Darwinian sex roles confirmed across the animal kingdom

Science Advances  12 Feb 2016:
Vol. 2, no. 2, e1500983
DOI: 10.1126/sciadv.1500983

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Since Darwin’s conception of sexual selection theory, scientists have struggled to identify the evolutionary forces underlying the pervasive differences between male and female behavior, morphology, and physiology. The Darwin-Bateman paradigm predicts that anisogamy imposes stronger sexual selection on males, which, in turn, drives the evolution of conventional sex roles in terms of female-biased parental care and male-biased sexual dimorphism. Although this paradigm forms the cornerstone of modern sexual selection theory, it still remains untested across the animal tree of life. This lack of evidence has promoted the rise of alternative hypotheses arguing that sex differences are entirely driven by environmental factors or chance. We demonstrate that, across the animal kingdom, sexual selection, as captured by standard Bateman metrics, is indeed stronger in males than in females and that it is evolutionarily tied to sex biases in parental care and sexual dimorphism. Our findings provide the first comprehensive evidence that Darwin’s concept of conventional sex roles is accurate and refute recent criticism of sexual selection theory.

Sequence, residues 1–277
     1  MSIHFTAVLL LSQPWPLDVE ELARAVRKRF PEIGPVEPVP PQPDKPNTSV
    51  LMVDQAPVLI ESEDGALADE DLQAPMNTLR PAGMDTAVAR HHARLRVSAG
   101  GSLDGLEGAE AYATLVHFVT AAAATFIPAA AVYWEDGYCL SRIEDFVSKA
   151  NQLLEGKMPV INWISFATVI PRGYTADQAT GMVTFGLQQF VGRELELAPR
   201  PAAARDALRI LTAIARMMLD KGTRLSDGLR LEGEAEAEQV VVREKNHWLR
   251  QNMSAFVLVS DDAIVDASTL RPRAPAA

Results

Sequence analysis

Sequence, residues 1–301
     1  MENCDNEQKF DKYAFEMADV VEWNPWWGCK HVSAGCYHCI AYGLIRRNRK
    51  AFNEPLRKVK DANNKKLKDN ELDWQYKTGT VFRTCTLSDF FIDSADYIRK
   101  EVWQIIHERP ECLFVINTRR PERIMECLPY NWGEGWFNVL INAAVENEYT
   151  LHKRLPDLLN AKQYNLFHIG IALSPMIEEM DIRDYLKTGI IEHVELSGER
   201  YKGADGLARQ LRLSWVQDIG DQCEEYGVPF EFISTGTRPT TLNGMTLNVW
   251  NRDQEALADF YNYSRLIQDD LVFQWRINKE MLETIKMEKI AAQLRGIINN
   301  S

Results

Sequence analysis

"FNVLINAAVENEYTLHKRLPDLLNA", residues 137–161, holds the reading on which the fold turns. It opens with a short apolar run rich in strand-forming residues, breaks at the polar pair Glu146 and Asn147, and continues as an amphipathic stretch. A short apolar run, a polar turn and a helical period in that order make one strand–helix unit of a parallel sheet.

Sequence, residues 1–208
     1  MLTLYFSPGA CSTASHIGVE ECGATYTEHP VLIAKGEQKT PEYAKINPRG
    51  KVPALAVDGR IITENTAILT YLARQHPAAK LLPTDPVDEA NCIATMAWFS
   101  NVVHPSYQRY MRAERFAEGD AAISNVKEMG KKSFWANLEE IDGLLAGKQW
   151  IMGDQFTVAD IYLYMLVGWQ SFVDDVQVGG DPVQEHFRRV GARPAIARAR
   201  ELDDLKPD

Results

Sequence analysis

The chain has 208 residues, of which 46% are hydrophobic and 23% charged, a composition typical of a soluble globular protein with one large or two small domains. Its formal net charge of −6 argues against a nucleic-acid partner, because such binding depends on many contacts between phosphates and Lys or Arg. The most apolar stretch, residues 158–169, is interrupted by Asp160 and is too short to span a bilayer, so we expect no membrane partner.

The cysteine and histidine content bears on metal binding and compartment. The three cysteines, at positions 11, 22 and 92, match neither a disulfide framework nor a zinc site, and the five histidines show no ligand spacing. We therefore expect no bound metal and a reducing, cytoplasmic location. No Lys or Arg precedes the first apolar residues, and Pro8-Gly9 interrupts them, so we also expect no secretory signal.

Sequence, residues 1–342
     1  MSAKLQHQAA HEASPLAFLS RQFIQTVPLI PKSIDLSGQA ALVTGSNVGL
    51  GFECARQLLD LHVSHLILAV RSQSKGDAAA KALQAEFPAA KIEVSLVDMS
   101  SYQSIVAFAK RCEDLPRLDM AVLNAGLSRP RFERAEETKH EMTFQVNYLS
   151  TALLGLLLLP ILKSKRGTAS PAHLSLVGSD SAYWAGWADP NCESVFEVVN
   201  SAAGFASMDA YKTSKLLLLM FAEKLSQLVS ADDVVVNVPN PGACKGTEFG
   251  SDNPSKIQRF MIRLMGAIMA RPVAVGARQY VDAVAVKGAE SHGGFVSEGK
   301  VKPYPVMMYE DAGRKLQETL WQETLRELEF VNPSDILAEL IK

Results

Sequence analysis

• Anisogamy
  • Mating success
  • parental care
  • Sexual dimorphism
  • Sexual selection
  • Bateman’s principles

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